Calvinism and Assurance of Salvation (or Not)

Calvinism and Assurance of Salvation (or Not)

Here is a very interesting, and I would say “insightful,” message sent to me by a Christian worker with young people (some of who are being drawn into Calvinism by the Young, Restless, Reformed Movement). He gave me permission to post his thoughts here without identifying him.

A bit of background for those not already steeped in the Calvinism-Arminianism debate. Calvinists have often claimed that only their theology provides true assurance of salvation—because, in that theology, God does everything in our salvation. We contribute nothing and don’t even cooperate with God’s grace. So, many Calvinist have claimed that insofar as free will plays any role in salvation (Arminianism), assurance of salvation is undermined. This Christian worker sees it differently, as do I:

*Sidebar: The opinions expressed here are my own (or those of the guest writer); I do not speak for any other person, group or organization; nor do I imply that the opinions expressed here reflect those of any other person, group or organization unless I say so specifically. Before commenting read the entire post and the “Note to commenters” at its end.*

“In Calvinism, when someone moves from professing faith in Christ and being a Christian worker to cynicism about the Bible and the God revealed there (specific examples come to mind)  we would say they have become apostate.

In response to the assurance question with an apostate believer, most Calvinists say they were never saved to begin with.  They were deceived on that point (usually accompanied with a citation from James 2:19).  This seems to be their least problematic response to that circumstance.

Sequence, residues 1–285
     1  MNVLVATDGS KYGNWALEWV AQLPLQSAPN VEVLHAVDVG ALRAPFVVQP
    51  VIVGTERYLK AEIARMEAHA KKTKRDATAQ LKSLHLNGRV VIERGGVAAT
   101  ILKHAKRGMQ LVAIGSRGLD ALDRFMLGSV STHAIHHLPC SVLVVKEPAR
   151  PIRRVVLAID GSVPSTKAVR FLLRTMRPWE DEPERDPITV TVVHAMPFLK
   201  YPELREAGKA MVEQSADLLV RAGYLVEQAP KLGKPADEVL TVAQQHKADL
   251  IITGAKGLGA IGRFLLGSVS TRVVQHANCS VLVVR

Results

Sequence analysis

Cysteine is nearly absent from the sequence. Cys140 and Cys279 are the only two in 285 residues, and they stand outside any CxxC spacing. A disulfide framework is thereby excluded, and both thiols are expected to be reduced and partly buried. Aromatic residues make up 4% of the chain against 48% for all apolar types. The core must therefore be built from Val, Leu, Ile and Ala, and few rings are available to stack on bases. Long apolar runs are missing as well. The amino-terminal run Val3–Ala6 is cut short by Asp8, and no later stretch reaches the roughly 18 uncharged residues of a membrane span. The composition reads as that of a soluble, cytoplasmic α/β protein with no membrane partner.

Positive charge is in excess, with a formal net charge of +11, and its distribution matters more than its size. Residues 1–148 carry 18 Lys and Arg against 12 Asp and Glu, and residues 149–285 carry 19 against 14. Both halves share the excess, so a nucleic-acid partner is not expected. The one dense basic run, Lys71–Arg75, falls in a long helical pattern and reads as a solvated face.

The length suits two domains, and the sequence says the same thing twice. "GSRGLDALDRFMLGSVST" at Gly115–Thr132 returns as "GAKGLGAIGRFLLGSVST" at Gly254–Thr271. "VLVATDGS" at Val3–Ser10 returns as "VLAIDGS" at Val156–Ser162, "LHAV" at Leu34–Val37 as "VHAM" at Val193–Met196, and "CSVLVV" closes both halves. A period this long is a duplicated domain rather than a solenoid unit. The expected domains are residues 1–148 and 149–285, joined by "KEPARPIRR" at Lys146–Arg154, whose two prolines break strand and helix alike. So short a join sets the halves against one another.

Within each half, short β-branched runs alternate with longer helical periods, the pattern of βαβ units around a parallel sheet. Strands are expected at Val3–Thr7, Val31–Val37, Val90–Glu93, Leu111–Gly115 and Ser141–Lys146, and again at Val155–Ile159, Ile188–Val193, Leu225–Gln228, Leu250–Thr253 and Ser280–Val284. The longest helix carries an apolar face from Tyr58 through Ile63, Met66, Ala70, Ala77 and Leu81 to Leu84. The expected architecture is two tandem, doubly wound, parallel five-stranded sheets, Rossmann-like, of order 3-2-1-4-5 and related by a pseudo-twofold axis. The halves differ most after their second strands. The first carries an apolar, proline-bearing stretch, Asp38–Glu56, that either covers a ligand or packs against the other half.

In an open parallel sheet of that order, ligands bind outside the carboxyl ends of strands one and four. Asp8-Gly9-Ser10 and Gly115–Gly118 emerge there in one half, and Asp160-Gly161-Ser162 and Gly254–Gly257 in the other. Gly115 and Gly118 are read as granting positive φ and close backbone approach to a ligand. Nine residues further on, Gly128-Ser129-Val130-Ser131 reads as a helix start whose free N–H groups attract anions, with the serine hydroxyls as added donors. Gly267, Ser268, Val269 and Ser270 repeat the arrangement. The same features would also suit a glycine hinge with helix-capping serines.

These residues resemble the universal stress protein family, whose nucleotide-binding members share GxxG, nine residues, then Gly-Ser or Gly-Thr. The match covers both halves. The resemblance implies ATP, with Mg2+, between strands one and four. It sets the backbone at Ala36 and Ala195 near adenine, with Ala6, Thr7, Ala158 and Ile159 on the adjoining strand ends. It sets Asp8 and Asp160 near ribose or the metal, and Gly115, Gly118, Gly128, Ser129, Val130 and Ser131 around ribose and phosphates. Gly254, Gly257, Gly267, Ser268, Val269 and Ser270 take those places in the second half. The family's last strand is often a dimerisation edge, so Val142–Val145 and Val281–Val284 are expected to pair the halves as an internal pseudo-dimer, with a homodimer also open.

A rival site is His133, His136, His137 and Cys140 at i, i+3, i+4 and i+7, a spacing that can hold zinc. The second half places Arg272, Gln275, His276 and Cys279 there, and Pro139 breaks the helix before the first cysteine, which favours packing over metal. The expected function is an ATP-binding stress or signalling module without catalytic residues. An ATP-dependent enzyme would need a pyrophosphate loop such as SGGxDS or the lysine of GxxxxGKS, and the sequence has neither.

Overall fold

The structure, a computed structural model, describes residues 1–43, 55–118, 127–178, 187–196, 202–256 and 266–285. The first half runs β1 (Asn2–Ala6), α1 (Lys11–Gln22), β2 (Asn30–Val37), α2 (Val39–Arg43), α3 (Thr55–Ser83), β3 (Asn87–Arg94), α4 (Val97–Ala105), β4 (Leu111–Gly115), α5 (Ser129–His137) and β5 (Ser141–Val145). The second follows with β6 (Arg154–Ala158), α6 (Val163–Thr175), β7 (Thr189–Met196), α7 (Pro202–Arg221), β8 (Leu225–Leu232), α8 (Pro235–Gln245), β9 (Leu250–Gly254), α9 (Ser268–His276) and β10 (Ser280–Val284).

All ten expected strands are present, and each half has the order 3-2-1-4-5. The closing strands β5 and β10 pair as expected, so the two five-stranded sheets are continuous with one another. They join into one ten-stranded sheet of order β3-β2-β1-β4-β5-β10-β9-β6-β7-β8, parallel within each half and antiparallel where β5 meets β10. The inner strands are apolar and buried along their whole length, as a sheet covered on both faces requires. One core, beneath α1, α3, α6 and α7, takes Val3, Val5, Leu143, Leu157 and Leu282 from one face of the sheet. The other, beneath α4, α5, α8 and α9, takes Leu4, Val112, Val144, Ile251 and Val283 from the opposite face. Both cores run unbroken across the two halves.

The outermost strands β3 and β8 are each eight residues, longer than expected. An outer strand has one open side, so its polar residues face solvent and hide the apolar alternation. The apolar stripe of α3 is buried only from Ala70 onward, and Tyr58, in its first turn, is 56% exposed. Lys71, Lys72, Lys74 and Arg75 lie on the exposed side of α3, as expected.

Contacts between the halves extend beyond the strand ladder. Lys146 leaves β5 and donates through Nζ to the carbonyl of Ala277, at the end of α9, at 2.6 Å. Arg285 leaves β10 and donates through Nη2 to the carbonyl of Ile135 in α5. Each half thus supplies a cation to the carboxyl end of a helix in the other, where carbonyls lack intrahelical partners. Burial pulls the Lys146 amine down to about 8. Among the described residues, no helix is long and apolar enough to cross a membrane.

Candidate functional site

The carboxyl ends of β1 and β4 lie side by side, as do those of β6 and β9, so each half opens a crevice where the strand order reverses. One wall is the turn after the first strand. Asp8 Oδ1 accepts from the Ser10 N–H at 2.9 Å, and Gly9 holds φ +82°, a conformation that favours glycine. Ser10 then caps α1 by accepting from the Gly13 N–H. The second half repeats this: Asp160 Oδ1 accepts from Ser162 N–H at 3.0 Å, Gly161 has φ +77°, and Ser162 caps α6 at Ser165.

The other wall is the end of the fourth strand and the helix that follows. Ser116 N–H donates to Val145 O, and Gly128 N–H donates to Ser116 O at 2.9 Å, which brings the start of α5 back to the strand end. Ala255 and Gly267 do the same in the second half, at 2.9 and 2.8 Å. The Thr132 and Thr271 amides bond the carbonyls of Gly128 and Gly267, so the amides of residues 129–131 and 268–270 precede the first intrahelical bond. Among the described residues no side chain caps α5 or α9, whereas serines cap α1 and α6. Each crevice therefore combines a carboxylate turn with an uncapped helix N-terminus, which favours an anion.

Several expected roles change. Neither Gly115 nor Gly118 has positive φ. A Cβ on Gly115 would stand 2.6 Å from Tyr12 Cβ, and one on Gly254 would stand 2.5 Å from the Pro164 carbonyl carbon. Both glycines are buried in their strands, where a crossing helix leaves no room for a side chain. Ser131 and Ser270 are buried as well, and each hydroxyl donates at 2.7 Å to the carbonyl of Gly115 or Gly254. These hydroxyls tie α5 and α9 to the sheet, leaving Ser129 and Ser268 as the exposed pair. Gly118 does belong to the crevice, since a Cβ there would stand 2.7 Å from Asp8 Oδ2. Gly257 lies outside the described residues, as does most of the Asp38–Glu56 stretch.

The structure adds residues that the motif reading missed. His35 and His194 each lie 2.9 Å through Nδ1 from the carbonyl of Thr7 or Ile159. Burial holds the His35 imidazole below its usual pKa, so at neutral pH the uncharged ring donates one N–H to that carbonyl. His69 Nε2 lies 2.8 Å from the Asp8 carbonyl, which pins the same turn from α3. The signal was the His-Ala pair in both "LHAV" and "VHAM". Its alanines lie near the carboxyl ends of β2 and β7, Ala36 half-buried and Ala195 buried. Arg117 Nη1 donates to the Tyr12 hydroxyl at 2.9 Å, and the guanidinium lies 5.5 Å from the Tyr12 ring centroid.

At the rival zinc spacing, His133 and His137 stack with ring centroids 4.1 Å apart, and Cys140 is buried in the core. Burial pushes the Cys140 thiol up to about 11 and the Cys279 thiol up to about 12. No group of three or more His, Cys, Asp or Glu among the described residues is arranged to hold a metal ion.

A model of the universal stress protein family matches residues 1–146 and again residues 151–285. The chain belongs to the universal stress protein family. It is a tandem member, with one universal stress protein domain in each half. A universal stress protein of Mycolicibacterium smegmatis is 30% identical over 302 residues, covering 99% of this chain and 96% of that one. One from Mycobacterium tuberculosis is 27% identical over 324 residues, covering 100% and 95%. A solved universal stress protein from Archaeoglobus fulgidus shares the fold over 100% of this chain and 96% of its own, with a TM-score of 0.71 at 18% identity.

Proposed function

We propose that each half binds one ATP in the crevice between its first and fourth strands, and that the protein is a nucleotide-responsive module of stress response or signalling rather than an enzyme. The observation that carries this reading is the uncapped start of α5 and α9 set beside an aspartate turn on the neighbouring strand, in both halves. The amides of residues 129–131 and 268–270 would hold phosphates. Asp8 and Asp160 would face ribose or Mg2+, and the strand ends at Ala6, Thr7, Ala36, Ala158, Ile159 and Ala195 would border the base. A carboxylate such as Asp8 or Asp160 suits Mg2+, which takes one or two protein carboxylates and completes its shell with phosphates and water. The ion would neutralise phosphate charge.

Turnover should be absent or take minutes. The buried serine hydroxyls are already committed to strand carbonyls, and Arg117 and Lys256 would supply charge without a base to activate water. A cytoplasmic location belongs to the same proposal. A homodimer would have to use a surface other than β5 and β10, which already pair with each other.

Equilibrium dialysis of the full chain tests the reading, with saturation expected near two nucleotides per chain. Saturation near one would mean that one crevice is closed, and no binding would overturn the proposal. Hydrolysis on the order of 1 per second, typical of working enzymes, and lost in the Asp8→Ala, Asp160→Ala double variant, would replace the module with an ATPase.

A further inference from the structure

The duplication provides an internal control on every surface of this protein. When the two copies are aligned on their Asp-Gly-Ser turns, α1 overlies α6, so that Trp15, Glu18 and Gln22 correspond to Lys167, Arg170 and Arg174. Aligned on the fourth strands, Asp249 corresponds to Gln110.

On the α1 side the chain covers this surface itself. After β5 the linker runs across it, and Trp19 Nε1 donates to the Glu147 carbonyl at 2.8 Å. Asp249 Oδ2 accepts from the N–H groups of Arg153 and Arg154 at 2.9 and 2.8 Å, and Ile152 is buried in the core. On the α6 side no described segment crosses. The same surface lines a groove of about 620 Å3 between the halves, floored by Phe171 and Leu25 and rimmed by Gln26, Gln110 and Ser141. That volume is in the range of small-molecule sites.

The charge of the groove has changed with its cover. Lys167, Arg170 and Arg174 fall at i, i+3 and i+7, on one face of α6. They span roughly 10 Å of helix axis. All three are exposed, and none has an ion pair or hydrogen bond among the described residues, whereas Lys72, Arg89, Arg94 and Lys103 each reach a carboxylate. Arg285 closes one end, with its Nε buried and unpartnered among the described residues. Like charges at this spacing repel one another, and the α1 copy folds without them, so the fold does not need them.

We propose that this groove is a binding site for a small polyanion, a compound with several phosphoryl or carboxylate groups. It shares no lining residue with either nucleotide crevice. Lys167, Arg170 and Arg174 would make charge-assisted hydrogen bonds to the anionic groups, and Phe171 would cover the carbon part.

However, it also creates a bigger issue for them.  They are saying it is quite possible in Calvinism to live for years believing you have saving faith, professing Christ, and being affirmed as an evangelical believer in Christ (or even a Christian worker/leader) while being unsaved and completely deceived.  Logically, therefore, no one could be assured they are not currently living in a deceived state unless or until they died still professing faith.  That is no assurance for the living, walking believer and would violate 1 John 5:13 and other passages that speak to our ability to have confidence now.

By contrast, if people truly have both a choice in, and a choice out (I don’t believe that people apostate due moral sinning-2 Timothy 2:13, but rather due to failure to remain in their faith-Colossians 1:21-23), then they would always have confidence and assurance of where they stood with Christ.  If I am depending on Christ alone, then I have confidence that Jesus will embrace me. If I have changed my mind and “moved past” that belief, I have rejected Christ as my savior and would know that I have no assurance if it turns out that Jesus is actually the only way to God.  This is ultimate assurance.  I would never be confused.

Thus, Calvinism leads to no assurance in this life until the moment of death, while a view that affirms free will imparts complete assurance through every stage of the human condition.”

*Note to commenters: This blog is not a discussion board; please respond with a question or comment only to me. If you do not share my evangelical Christian perspective (very broadly defined), feel free to ask a question for clarification, but know that this is not a space for debating incommensurate perspectives/worldviews. In any case, know that there is no guarantee that your question or comment will be posted by the moderator or answered by the writer. If you hope for your question or comment to appear here and be answered or responded to, make sure it is civil, respectful, and “on topic.” Do not comment if you have not read the entire post and do not misrepresent what it says. Keep any comment (including questions) to minimal length; do not post essays, sermons or testimonies here. Do not post links to internet sites here. This is a space for expressions of the blogger’s (or guest writers’) opinions and constructive dialogue among evangelical Christians (very broadly defined).

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